After some resistance from the patricians, a committee produced 12 bronze tablets, which together contained the first law of Rome. This code, known as the Twelve Tables, contained important legal terms such as: From the reign of Hadrian, the judgments and declarations of the emperor were collected in the constitutions of the emperor or in the principles of the emperor. In addition, the Senate could also enact regulatory provisions (senatus consulta), for example on public gambling or women`s property rights. The right of status established by the people through public assemblies (comitia) could be rare, but could also contribute to the body of law, but was usually limited to ceremonial matters such as the decision on posthumous honors to be granted to the children of emperors who died too soon. The surviving fragments show that it was not a code of law in the modern sense of the word. It has not provided a complete and coherent system of all applicable legal rules or solutions for all possible cases. Rather, the tables contained specific provisions to amend the customary law that existed at the time. Although the provisions cover all areas of law, most of them are devoted to private law and civil proceedings. Roman law was cumulative in nature, i.e. a new law could be added to the whole law or replace an earlier law. Statutes (leges), referendums, senate decrees (decreta), settled cases (res iudicatae), customs, edicts (senatusconsulta) of the emperor, magistrates or other high officials such as praetors and aedils could all be sources of Roman law. Roman law was established by a variety of means, such as statutes, magisterial decisions, imperial decrees, senate decrees, assembly votes, referendums and deliberations of expert legal advisers, and thus became sufficiently multifaceted and flexible to cope with the changing circumstances of the Roman world, from republican to imperial politics, from local to national trade, and from one state to another. intergovernmental policy.
Students who taught Roman law in Bologna (and later in many other places) found that many rules of roman law were better suited to regulating complex economic transactions than the usual rules that applied throughout Europe. For this reason, Roman law, or at least some of its borrowed provisions, began to be reintroduced into legal practice centuries after the end of the Roman Empire. This process was actively supported by many kings and princes who employed university-trained jurists as court advisors and officials, and tried to take advantage of rules such as the famous Princeps legibus solutus est (“The ruler is not bound by laws”), a term originally coined by Ulpian, a Roman jurist. Roman self-identification among the Greeks did not begin to lose ground until the Greek War of Independence, when several factors raised the name “Hellene” to replace it. These factors included that names such as “Hellene,” “Hellas,” and “Greece” were already used by other European nations for the country and its people, the absence of the ancient Byzantine government to strengthen Roman identity, and the term Romioi, which was associated with the Greeks who were still under Ottoman rule, and not with those who actively fought for independence. Thus, in the eyes of the independence movement, a Hellene was a brave and rebellious freedom fighter, while a Roman under the Ottomans was an inactive slave.   The new Hellenic national identity focused heavily on the cultural heritage of ancient Greece rather than medieval Byzantium, although adherence to Orthodox Christianity remained an important aspect of Greek identity.  An identity reoriented towards ancient Greece also had an international impact in favor of Greece.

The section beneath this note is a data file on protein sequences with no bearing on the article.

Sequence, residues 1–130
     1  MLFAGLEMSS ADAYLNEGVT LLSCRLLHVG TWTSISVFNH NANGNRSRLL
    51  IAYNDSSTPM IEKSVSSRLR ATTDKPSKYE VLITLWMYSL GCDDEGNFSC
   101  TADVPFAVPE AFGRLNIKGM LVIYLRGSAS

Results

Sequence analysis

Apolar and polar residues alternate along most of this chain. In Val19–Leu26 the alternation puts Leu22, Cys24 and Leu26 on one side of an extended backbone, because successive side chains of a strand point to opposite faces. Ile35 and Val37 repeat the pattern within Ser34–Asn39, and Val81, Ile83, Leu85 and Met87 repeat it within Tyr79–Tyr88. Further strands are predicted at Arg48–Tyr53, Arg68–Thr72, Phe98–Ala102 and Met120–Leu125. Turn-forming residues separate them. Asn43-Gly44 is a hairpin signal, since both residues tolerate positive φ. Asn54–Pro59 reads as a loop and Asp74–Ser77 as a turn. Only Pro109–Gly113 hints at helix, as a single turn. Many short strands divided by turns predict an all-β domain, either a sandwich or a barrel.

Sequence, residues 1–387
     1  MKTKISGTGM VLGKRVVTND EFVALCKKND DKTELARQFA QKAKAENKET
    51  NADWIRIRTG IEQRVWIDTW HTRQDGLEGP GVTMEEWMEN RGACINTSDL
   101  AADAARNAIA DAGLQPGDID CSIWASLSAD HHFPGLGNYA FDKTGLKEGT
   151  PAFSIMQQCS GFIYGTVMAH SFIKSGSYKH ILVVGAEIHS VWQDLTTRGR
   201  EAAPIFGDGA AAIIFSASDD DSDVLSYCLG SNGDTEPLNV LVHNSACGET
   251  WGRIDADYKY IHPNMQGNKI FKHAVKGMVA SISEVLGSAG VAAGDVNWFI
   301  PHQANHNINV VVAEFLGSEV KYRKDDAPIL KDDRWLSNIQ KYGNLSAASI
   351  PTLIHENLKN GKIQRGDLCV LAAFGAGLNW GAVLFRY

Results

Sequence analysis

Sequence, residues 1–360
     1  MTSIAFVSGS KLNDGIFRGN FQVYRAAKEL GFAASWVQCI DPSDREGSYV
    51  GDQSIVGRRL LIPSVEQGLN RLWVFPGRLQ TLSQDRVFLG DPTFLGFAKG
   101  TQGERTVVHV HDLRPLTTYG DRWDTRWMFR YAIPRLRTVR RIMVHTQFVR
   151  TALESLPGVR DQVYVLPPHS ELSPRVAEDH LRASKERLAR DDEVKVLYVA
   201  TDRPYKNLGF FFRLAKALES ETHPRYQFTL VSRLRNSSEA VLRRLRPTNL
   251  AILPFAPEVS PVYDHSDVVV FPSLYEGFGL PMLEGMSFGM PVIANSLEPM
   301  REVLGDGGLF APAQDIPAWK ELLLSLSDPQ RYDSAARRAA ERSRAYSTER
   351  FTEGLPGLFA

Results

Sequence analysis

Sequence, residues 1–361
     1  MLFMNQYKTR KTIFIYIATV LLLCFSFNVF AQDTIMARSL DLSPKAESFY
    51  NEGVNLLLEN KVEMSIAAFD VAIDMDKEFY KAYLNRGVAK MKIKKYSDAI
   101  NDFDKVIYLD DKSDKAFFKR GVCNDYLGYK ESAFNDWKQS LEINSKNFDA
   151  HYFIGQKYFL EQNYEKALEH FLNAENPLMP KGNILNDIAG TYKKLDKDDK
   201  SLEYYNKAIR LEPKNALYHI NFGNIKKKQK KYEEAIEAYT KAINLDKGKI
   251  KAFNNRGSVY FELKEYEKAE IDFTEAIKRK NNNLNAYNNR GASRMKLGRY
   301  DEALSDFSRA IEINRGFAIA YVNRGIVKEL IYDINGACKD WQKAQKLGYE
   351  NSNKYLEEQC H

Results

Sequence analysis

In Western Europe, the Greek War of Independence was widely supported because of philhellenism, a sense of “civilizational guilt” towards the world of classical antiquity, rather than a genuine interest in the modern country. Although modern Greeks resembled medieval Byzantines more than ancient Greeks, public interest in the revolt elsewhere in Europe depended almost entirely on sentimental and intellectual ties to a fictionalized version of ancient Greece. Similar uprisings by other Balkan peoples against the Ottomans, such as the first Serbian uprising (1804-1814), had been almost completely ignored in Western Europe.  Appointed for a one-year term, lenders have become increasingly powerful judicial officials.